805 : parrello 1.10 Trace("Relation $relationName created in database.") if T(2);
806 : parrello 1.70 # If we want to build the indexes, we do it here. Note that the full-text search
807 :     # index will not be built until the table has been loaded.
808 : parrello 1.10 if ($indexFlag) {
809 :     $self->CreateIndex($relationName);
810 :     }
811 : parrello 1.1 }
812 :    
813 : parrello 1.31 =head3 VerifyFields
814 :    
815 :     C<< my $count = $erdb->VerifyFields($relName, \@fieldList); >>
816 :    
817 :     Run through the list of proposed field values, insuring that all the character fields are
818 :     below the maximum length. If any fields are too long, they will be truncated in place.
819 :    
820 :     =over 4
821 :    
822 :     =item relName
823 :    
824 :     Name of the relation for which the specified fields are destined.
825 :    
826 :     =item fieldList
827 :    
828 :     Reference to a list, in order, of the fields to be put into the relation.
829 :    
830 :     =item RETURN
831 :    
832 :     Returns the number of fields truncated.
833 :    
834 :     =back
835 :    
836 :     =cut
837 :    
838 :     sub VerifyFields {
839 :     # Get the parameters.
840 :     my ($self, $relName, $fieldList) = @_;
841 :     # Initialize the return value.
842 :     my $retVal = 0;
843 :     # Get the relation definition.
844 :     my $relData = $self->_FindRelation($relName);
845 :     # Get the list of field descriptors.
846 :     my $fieldTypes = $relData->{Fields};
847 :     my $fieldCount = scalar @{$fieldTypes};
848 :     # Loop through the two lists.
849 :     for (my $i = 0; $i < $fieldCount; $i++) {
850 :     # Get the type of the current field.
851 :     my $fieldType = $fieldTypes->[$i]->{type};
852 :     # If it's a character field, verify the length.
853 :     if ($fieldType =~ /string/) {
854 :     my $maxLen = $TypeTable{$fieldType}->{maxLen};
855 :     my $oldString = $fieldList->[$i];
856 :     if (length($oldString) > $maxLen) {
857 :     # Here it's too big, so we truncate it.
858 :     Trace("Truncating field $i in relation $relName to $maxLen characters from \"$oldString\".") if T(1);
859 :     $fieldList->[$i] = substr $oldString, 0, $maxLen;
860 :     $retVal++;
861 :     }
862 :     }
863 :     }
864 :     # Return the truncation count.
865 :     return $retVal;
866 :     }
867 :    
868 : parrello 1.42 =head3 DigestFields
869 :    
870 :     C<< $erdb->DigestFields($relName, $fieldList); >>
871 :    
872 :     Digest the strings in the field list that correspond to data type C<hash-string> in the
873 :     specified relation.
874 :    
875 :     =over 4
876 :    
877 :     =item relName
878 :    
879 :     Name of the relation to which the fields belong.
880 :    
881 :     =item fieldList
882 :    
883 :     List of field contents to be loaded into the relation.
884 :    
885 :     =back
886 :    
887 :     =cut
888 :     #: Return Type ;
889 :     sub DigestFields {
890 :     # Get the parameters.
891 :     my ($self, $relName, $fieldList) = @_;
892 :     # Get the relation definition.
893 :     my $relData = $self->_FindRelation($relName);
894 :     # Get the list of field descriptors.
895 :     my $fieldTypes = $relData->{Fields};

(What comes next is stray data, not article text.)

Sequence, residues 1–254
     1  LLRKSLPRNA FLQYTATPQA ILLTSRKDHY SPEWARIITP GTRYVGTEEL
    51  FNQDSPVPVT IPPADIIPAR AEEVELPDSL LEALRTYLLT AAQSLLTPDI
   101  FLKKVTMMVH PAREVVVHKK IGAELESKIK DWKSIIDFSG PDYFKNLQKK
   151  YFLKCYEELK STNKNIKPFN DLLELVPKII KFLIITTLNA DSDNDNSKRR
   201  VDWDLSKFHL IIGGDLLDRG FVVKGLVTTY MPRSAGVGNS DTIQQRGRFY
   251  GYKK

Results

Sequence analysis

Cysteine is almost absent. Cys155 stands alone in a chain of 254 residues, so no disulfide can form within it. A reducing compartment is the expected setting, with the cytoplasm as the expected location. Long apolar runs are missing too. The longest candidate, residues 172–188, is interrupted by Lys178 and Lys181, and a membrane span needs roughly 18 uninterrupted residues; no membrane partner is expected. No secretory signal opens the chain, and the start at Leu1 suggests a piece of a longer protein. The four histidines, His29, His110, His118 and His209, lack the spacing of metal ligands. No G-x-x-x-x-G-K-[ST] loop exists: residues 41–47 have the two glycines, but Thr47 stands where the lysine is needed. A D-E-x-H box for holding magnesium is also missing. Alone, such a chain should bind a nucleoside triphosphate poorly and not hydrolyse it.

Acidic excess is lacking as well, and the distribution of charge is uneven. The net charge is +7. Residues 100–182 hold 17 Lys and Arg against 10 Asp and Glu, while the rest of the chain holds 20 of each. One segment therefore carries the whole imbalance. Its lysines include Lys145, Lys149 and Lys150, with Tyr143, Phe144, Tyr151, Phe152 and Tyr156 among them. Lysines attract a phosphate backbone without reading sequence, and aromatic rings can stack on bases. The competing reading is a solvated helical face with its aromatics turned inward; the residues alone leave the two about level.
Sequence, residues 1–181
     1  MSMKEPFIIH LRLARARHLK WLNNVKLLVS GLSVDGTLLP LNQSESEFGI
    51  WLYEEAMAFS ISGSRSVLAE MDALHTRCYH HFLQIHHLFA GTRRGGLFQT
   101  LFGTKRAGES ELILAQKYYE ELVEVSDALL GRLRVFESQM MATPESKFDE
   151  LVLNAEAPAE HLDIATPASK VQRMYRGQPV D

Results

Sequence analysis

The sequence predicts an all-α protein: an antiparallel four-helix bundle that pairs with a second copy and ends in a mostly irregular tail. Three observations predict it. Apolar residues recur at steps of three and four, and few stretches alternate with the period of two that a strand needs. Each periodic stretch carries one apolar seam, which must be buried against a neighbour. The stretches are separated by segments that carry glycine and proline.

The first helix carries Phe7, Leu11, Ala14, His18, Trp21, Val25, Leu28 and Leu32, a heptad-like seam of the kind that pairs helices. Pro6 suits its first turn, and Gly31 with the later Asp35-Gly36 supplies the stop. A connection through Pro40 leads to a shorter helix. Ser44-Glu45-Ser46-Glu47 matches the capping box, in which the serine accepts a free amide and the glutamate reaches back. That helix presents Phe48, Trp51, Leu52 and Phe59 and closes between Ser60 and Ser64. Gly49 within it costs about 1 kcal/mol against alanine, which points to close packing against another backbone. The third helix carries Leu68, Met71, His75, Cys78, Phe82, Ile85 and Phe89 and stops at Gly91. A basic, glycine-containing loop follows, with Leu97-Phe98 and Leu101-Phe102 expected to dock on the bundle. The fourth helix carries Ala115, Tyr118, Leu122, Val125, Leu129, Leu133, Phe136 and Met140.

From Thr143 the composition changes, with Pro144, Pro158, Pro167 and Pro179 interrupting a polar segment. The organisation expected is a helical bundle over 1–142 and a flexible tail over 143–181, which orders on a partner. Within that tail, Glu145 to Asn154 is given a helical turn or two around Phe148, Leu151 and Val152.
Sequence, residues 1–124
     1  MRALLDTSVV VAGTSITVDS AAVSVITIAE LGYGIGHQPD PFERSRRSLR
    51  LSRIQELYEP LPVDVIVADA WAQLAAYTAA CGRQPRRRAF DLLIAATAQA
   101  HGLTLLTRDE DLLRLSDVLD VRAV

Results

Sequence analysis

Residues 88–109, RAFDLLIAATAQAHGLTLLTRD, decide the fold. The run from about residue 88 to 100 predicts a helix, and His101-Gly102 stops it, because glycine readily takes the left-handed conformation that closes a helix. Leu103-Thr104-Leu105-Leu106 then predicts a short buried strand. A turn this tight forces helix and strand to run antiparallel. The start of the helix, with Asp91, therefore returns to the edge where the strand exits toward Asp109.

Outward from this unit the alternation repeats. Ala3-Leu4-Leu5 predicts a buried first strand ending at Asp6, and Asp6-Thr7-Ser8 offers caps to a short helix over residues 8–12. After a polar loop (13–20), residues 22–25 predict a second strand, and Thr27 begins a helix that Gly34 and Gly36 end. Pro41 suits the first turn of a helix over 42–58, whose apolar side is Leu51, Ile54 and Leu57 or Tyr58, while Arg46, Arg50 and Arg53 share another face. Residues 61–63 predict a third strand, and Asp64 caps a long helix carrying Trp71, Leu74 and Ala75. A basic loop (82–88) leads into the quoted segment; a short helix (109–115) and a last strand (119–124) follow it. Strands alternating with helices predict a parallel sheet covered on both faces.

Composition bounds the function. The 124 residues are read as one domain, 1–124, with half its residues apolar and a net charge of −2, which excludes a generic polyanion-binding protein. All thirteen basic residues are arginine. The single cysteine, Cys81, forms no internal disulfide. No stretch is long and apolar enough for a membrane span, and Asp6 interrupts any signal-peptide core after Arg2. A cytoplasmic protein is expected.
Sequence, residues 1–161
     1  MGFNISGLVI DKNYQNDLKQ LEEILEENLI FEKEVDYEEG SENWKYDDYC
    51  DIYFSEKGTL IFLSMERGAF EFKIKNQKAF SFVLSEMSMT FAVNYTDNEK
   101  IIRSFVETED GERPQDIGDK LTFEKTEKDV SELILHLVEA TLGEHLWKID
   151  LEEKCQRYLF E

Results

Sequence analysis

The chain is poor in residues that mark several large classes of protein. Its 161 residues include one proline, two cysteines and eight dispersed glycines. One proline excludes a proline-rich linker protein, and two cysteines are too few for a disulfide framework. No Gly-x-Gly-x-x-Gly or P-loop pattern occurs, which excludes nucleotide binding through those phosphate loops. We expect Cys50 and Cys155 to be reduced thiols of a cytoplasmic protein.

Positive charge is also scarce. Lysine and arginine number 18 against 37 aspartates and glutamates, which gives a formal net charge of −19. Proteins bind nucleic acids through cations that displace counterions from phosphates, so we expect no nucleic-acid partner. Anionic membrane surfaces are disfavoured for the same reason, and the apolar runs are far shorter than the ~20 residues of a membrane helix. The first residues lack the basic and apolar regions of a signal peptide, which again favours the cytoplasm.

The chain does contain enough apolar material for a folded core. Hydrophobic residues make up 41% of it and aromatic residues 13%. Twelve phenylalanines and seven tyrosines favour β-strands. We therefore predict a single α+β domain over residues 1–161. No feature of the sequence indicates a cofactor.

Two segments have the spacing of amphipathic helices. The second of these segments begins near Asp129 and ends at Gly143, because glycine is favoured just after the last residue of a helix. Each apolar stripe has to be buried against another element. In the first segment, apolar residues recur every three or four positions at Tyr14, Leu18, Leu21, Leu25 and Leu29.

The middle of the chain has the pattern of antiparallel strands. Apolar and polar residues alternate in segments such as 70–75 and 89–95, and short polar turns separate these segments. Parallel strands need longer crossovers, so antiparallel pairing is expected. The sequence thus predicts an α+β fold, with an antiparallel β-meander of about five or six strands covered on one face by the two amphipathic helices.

896 :     my $fieldCount = scalar @{$fieldTypes};
897 :     # Loop through the two lists.
898 :     for (my $i = 0; $i < $fieldCount; $i++) {
899 :     # Get the type of the current field.
900 :     my $fieldType = $fieldTypes->[$i]->{type};
901 :     # If it's a hash string, digest it in place.
902 :     if ($fieldType eq 'hash-string') {
903 : parrello 1.46 $fieldList->[$i] = $self->DigestKey($fieldList->[$i]);
904 : parrello 1.42 }
905 :     }
906 :     }
907 :    
908 : parrello 1.46 =head3 DigestKey
909 :    
910 :     C<< my $digested = $erdb->DigestKey($keyValue); >>
911 :    
912 :     Return the digested value of a symbolic key. The digested value can then be plugged into a
913 :     key-based search into a table with key-type hash-string.
914 :    
915 :     Currently the digesting process is independent of the database structure, but that may not
916 :     always be the case, so this is an instance method instead of a static method.
917 :    
918 :     =over 4
919 :    
920 :     =item keyValue
921 :    
922 :     Key value to digest.
923 :    
924 :     =item RETURN
925 :    
926 : parrello 1.56 Digested value of the key.
927 : parrello 1.46
928 :     =back
929 :    
930 :     =cut
931 :    
932 :     sub DigestKey {
933 :     # Get the parameters.
934 :     my ($self, $keyValue) = @_;
935 :     # Compute the digest.
936 :     my $retVal = md5_base64($keyValue);
937 :     # Return the result.
938 :     return $retVal;
939 :     }
940 :    
941 : parrello 1.1 =head3 CreateIndex
942 :    
943 : parrello 1.18 C<< $erdb->CreateIndex($relationName); >>
944 : parrello 1.1
945 :     Create the indexes for a relation. If a table is being loaded from a large source file (as
946 : parrello 1.12 is the case in L</LoadTable>), it is sometimes best to create the indexes after the load.
947 :     If that is the case, then L</CreateTable> should be called with the index flag set to
948 :     FALSE, and this method used after the load to create the indexes for the table.
949 : parrello 1.1
950 :     =cut
951 :    
952 :     sub CreateIndex {
953 : parrello 1.10 # Get the parameters.
954 :     my ($self, $relationName) = @_;